Yes, it’s still honey bee taxonomy week here at the Bee Smart beekeeping project. Just a cool FYI for those following along.
Did you know that in the taxonomy of the honey bee the name “Apis” is not the complete name? That’s right, there’s more to it.
Technically speaking, though we only ever really refer to honey bees as Apis mellifera (Genus Apis, Species mellifera), the full Genus is “Apis Linnaeus”. Carl Linnaeus is the distinguished gentleman in the picture accompanying this post.
There’s a very cool PDF on updated taxonomy of the honey bee called “The Taxonomy of Recent and Fossil Honey Bees” by Michael S. Engel, on our Download page that you can download and read, courtesy of KU ScholarWorks
Currently used scientific name was given to honey bee by Linnaeus (also known as: Carl von Linné) in 1758
(Tofilski A. (2012) Honey bee. Available from http://www.honeybee.drawwing.org.)
Yes my friends, it’s here. This first step back is a humble little episode, hosted by yours truly. There are plans to make this more…companionable as it picks up steam again.
You will be able to listen to the full episode here on the embedded player in this post and you can listen through the whole lineup of Bee Smart podcasts on the Podcast Page of this website. (eventually they’ll all bee there, I am still adding them in one at a time).
This episode discusses the return of the podcast and the timely topic of Honey Bee Taxonomy.
This is honey bee taxonomy week. As an interesting sideroad for All Hallow’s Eve I thought we’d visit the Smithsonian Institute taxonomy page on the “Killer Bees”. (Click on the photo to visit their page and read the very interesting article.)
Africanized honeybees are descended from stocks that evolved in the tropics and, as such, are ill-equipped to withstand prolonged cold winters. They are believed to be limited to tropical and subtropical habitats.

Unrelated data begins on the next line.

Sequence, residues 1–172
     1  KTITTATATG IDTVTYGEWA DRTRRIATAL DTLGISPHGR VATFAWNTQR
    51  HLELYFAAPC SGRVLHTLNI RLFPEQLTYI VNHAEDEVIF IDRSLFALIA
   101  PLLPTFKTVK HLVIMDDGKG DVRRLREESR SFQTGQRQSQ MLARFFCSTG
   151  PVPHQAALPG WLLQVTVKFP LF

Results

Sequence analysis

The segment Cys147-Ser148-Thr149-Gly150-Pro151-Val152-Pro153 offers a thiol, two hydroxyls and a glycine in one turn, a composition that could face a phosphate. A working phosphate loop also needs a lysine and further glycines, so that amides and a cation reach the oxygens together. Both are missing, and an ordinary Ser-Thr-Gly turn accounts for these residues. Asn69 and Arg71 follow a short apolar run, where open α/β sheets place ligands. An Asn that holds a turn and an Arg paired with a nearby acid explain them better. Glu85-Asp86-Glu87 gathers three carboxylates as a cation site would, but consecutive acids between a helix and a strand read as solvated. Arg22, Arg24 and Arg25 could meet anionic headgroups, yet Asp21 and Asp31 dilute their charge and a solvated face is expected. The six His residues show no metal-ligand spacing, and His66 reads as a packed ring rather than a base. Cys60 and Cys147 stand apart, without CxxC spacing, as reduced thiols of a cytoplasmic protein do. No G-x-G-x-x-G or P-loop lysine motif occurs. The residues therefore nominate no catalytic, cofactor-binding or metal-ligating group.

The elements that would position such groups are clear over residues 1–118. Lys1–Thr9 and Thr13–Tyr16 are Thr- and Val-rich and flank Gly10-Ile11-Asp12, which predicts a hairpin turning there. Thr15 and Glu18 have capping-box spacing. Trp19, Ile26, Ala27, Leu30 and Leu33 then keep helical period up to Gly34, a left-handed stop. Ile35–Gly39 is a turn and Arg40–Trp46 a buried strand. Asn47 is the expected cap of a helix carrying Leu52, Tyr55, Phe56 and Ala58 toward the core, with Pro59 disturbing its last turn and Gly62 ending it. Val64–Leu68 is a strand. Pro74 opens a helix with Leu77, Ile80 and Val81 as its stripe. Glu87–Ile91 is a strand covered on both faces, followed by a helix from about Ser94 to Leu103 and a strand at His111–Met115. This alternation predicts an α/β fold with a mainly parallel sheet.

This week, our general topic will center on the taxonomy of honey bees. what is taxonomy you ask? No, it’s not having to pay a fine to the government for having bees.
Taxonomy is the scientific classification of living things in order to identify and organize where they fit in related to other creatures.
Why is taxonomy important to those involved in apicultural pursuits? Beecause we are often very concerned about genealogical traits of colonies that will have the most success in the places we keep them.
Knowing where bees are originally from, the traits and genetic lines they descend from and how any and all of that relates to their success in various other locations is important to everything from pollination traits, defensive traits foraging and honey production traits and the types of pests and illnesses they have been adapted to as they evolved in the place they originate. Queen rearing is very much affected by knowing what bees are and from whence they came.
Scientific research that is always ongoing makes great use of taxonomy to locate and identify new species and sub-species of bees all the time.
It’s always a good thing to learn and know about taxonomy where bees and beekeeping are involved. Check out the new puzzles coming up this week that focus on honey bee taxonomy. The Crossword puzzle will post on Wednesday and will have the downloadable PDF with a wordlist on it. The answer sheet to the Crossword and the Wordsearch versions are already available for our supporters on our Patreon supporter webpage
The next episode of the Bee Smart beekeeping podcast featuring those Beehooligans will also talk some about taxonomy and how it is useful for beekeepers of all levels of experience.
Of course, we’ll bee sure to get some posts up with even more useful information along this line as well as we get through the week. The objective here is always to help folks Bee Smart.